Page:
I don’t know why they call it ‘rum punch’. It doesn’t have much of a punch to it – no sudden hit or instant knockout.
This very alcoholic and sweet drink, served constantly in Antigua, is actually quite the opposite of a sudden hit. It takes a while for rum punch to take effect and by then it’s too late. The easy taste has been deceiving.
What could have passed just for juice is actually something more powerful.
And so it is with my first visit to Antigua. The island doesn’t hit you straight away – it takes a while to lull you into its full embrace.
Arriving on a long flight; dealing with an airport; getting to a hotel and checking in – all these little stresses on the first afternoon mean you’ve still got one foot in your holiday and one foot in your real life.
It takes a day or two until the Caribbean lifestyle of Antigua really catches up with you. You hardly even notice it’s happening until it’s too late… and you abruptly realise you haven’t thought about a single worry, you haven’t even checked the time.
What you thought was going to be a holiday is actually something more powerful – an escape.
Arriving in Antigua
I’ve been to a few other places like Antigua but it’s been a long time since I’ve felt like this. For me, travelling has increasingly become associated with work. This feels like a holiday.
Not that it is technically a holiday! I’m here with 40 other content creators for a conference organised by Traverse. As well as exploring the island, there are sessions to attend and lots of activities to get involved in.
But, still, I feel more relaxed than usual.
It is the power of Antigua.
It’s my first time in the Caribbean and I think that’s also a part of it. A new part of the world to discover – and a part of the world where living your life fun is a natural disposition.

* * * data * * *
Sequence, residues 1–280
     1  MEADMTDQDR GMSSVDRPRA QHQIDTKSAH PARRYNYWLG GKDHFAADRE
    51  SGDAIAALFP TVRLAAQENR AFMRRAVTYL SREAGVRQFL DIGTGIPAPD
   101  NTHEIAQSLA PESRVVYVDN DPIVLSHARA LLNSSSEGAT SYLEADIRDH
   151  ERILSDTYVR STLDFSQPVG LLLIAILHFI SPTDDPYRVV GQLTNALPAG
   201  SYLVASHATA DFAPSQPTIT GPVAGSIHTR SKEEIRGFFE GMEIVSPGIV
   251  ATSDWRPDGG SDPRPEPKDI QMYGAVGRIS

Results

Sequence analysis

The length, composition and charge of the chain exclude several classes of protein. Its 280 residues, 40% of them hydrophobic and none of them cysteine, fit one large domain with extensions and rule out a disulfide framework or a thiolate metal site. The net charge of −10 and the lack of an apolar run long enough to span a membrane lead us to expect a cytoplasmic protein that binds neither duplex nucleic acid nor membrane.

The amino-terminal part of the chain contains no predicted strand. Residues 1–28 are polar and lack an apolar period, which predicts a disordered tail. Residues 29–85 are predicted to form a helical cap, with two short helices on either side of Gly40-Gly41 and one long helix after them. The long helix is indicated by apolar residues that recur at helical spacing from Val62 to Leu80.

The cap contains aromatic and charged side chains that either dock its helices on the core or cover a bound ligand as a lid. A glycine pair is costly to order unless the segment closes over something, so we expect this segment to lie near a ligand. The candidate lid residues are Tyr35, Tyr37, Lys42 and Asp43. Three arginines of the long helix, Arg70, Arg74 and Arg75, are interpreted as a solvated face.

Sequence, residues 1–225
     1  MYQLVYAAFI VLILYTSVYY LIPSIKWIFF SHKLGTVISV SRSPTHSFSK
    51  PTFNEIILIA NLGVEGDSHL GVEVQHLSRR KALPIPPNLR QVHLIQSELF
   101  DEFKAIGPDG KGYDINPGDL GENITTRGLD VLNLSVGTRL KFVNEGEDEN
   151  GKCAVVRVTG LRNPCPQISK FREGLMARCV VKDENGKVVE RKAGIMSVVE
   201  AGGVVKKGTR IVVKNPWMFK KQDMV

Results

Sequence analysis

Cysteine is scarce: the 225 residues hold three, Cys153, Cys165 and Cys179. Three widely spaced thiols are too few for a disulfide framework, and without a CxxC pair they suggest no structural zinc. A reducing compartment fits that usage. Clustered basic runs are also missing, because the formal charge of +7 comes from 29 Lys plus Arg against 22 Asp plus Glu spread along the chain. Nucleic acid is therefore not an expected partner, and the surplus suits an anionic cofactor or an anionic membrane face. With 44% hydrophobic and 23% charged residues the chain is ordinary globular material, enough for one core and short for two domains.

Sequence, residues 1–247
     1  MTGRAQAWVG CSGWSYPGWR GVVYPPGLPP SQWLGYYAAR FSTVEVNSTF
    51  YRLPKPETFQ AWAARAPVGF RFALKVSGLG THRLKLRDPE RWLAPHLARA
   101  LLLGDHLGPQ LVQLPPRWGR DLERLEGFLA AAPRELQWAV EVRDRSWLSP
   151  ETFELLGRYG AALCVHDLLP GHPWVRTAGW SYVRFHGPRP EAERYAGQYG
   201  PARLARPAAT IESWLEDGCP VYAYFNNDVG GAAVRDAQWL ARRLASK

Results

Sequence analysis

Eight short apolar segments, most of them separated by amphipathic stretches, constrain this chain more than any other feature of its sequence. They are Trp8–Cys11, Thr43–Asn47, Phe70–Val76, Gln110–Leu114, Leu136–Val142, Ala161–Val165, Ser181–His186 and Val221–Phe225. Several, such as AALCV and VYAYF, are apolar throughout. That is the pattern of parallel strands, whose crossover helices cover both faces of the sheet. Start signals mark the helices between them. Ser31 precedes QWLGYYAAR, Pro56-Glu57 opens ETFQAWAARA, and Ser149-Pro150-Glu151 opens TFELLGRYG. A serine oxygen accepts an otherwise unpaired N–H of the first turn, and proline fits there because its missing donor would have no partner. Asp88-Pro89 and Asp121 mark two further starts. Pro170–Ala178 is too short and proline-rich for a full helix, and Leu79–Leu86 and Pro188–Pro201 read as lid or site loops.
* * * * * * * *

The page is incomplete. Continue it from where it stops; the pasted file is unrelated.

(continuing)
But I’m also staying at an all-inclusive resort and, after a few days, I realise that’s having a big effect on my mood as well.
Inclusive resorts in Antigua
I would usually avoid an all-inclusive resort.
To me, it has always conjured up images of overweight drunk slobs, of regular buffets of questionable food, of people fighting for their favourite pool chair, of being trapped in an artificial environment.
Oh wow – have I been wrong!
Our group is staying at two adjacent all-inclusive resorts in Antigua – The Verandah Resort & Spa and the Pineapple Beach Club. They are nothing like I had feared. They are designed to help you relax, not create new stresses.
No need to carry your wallet. No need to calculate how much something costs. No need to go in search of food when you’re hungry.
At the Verandah Resort & Spa where I am staying, there’s the main restaurant that provides a delicious buffet for each meal. But there are also a couple of other places near the beaches where you can get a burger for lunch, for example.
The bars at the beaches and by the pool mean that when you feel like a cocktail, you can have one – without going anywhere else and without paying anything more.